4. Hello.
    This took place quite sometime back, and the Ohio limit then was .1 vs the current .08. I was pulled over for speeding and passed all field sobriety tests, but was taken to the local station (Highway Patrol) non the less. There I was asked to blow into their machine there. After doing so, the officer was looking at the results (on the other side of the machine facing away from me) and seemed not satisfied with the results. He then told me to blow again, only harder. I did so and registered a .1 something, that put me over. Should I have refused to “blow again” having already done so? Looking back, I feel like I was blowing till he got the result he wanted.

  5. what is the time frame to take a breath test i was 2 hours an 2 mins when i did it Im a retired police officer for the state of ohio and it was 2 hours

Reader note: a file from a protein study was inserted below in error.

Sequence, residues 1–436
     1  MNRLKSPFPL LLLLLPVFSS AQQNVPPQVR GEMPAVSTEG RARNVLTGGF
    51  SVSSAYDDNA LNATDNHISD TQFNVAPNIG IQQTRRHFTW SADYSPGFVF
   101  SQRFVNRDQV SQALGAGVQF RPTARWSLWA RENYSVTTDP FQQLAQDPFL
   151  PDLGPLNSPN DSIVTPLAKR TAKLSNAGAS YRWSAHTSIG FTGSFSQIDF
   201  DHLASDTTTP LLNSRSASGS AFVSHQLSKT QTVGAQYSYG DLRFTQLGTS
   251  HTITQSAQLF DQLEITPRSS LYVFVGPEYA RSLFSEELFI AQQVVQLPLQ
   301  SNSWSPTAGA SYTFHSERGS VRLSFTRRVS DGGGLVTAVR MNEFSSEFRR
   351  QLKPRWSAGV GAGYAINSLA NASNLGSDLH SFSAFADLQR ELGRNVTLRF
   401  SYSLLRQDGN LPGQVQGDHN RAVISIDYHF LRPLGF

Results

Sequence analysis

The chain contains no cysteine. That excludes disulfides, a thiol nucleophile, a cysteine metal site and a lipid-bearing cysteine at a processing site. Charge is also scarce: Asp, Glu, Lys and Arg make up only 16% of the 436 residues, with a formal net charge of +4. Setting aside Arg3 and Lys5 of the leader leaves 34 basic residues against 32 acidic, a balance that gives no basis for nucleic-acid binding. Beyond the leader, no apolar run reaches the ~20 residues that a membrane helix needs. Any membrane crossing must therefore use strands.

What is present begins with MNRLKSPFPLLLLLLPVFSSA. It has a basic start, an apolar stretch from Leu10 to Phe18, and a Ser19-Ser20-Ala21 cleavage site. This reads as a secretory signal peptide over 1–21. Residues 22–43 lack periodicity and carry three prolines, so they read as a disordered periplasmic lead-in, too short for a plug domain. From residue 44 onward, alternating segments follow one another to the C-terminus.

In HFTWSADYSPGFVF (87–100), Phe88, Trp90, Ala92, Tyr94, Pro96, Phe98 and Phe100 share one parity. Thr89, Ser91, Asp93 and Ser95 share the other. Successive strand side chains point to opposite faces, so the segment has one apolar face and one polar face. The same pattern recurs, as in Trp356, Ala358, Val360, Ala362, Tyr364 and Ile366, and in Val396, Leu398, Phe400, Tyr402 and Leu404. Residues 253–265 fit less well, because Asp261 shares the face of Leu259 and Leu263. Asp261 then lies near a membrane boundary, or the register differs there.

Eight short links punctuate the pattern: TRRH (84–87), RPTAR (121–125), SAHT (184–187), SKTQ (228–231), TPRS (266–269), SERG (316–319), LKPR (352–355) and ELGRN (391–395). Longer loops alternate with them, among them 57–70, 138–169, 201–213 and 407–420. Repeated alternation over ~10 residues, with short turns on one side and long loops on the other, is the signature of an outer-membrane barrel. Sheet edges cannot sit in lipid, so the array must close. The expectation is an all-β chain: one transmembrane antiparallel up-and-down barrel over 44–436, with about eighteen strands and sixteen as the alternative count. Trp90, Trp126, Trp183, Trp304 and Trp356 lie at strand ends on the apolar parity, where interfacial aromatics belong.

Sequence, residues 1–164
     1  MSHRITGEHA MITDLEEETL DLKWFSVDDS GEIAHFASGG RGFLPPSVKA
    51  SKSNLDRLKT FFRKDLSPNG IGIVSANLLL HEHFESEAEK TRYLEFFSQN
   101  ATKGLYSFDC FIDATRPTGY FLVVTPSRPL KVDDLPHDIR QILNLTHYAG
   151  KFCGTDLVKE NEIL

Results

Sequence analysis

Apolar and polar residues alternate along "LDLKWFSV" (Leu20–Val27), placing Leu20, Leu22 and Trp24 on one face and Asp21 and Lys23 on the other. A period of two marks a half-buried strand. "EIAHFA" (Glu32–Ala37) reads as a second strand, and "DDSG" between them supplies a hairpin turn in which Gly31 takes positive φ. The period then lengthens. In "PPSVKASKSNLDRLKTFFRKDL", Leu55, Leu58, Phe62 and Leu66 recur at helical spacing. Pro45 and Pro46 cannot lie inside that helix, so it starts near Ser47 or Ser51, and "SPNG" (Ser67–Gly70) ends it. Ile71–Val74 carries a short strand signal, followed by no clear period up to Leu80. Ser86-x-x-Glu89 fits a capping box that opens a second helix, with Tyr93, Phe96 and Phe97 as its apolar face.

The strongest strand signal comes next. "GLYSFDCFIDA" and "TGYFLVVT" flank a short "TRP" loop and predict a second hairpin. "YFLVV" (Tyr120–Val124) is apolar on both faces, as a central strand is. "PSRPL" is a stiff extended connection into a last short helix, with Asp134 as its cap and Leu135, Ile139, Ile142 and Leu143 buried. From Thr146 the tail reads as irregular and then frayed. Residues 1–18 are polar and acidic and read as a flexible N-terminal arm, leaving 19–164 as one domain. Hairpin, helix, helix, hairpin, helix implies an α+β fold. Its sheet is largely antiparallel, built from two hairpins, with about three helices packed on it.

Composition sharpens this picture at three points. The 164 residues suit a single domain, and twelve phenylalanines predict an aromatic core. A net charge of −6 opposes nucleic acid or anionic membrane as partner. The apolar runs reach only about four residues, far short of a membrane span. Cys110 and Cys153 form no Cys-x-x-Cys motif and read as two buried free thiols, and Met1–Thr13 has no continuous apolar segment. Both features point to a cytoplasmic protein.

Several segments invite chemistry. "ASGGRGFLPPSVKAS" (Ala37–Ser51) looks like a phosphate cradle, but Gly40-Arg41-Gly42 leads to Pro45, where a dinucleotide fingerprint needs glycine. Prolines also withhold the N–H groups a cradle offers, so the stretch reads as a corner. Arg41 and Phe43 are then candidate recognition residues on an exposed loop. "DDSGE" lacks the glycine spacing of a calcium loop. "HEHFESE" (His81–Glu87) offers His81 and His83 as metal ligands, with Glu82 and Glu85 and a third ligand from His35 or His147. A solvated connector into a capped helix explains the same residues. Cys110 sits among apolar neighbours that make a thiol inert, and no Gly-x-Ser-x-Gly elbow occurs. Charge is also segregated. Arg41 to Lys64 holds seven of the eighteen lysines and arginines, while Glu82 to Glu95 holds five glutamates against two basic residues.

6. My 20 yr old son was in a vehicle that was pulled over by the police. The driver was 22 and blew a .09 or .1 and my son blew a .082. He was then handcuffed, taken to the station and charged with a misdemeanor. Did he need to be informed of his rights before blowing? He is a student and goes to school in Ohio but is from Illinois.